As 2017 ended with billionaires toasting their tax cuts and energy executives cheering their unfettered access to federal lands as well as coastal waters, there was one sector of the American elite that did not share in the champagne celebration: Washington’s corps of foreign-policy experts. Across the political spectrum, many of them felt a deep foreboding for the country’s global future under the leadership of President Donald Trump.
In a year-end jeremiad, for instance, conservative CNN commentator Fareed Zakaria blasted the “Trump administration’s foolish and self-defeating decision to abdicate the United States’ global influence—something that has taken more than 70 years to build.” The great “global story of our times,” he continued, is that “the creator, upholder, and enforcer of the existing international system is withdrawing into self-centered isolation,” opening a power vacuum that will be filled by illiberal powers like China, Russia, and Turkey.
The editors of The New York Times remarked ruefully that the president’s “boastfulness and belligerence and tendency to self-aggrandizement are not only costing America worldwide support, but also isolating it.” Discarding the polite bipartisanship of Washington’s top diplomats, Obama’s former national security adviser, Susan Rice, ripped Trump for dumping “principled leadership—the foundation of American foreign policy since World War II”—for an “America first” stance that will only “embolden rivals and weaken ourselves.”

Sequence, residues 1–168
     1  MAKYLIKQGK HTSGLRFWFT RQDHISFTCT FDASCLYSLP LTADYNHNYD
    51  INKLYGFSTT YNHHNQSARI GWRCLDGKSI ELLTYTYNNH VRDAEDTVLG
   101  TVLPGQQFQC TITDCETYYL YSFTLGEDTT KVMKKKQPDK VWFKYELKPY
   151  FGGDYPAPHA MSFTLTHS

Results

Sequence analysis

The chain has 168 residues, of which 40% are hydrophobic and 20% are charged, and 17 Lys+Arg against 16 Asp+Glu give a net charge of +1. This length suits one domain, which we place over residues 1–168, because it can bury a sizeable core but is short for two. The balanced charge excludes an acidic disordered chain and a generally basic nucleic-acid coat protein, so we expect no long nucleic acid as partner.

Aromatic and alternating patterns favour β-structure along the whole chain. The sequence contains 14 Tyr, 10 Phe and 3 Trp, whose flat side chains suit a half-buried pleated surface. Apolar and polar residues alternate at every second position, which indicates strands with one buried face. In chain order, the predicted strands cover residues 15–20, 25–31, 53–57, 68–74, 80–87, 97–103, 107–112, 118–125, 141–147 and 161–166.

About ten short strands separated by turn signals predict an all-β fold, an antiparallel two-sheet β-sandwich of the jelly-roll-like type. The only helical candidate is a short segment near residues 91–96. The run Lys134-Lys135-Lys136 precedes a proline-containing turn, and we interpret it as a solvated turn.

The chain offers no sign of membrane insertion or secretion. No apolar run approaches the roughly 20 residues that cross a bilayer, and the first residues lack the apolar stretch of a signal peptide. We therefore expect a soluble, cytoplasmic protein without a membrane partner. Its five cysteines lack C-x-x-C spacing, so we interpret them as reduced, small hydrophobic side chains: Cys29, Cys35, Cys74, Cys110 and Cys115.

Yet no matter how sharp or sweeping, such criticism can’t begin to take in the full scope of the damage the Trump White House is inflicting on the system of global power Washington built and carefully maintained over those 70 years. Indeed, American leaders have been on top of the world for so long that they no longer remember how they got there. Few among Washington’s foreign-policy elite seem to fully grasp the complex system that made US global power what it now is, particularly its all-important geopolitical foundations. As Trump travels the globe, tweeting and trashing away, he’s inadvertently showing us the essential structure of that power, the same way a devastating wildfire leaves the steel beams of a ruined building standing starkly above the smoking rubble.
The Architecture of American Global Power
The architecture of the world order that Washington built after World War II was not only formidable but, as Trump is teaching us almost daily, surprisingly fragile. At its core, that global system rested upon a delicate duality: an idealistic community of sovereign nations equal under the rule of international law joined tensely, even tenuously, to an American imperium grounded in the realpolitik of its military and economic power. In concrete terms, think of this duality as the State Department versus the Pentagon.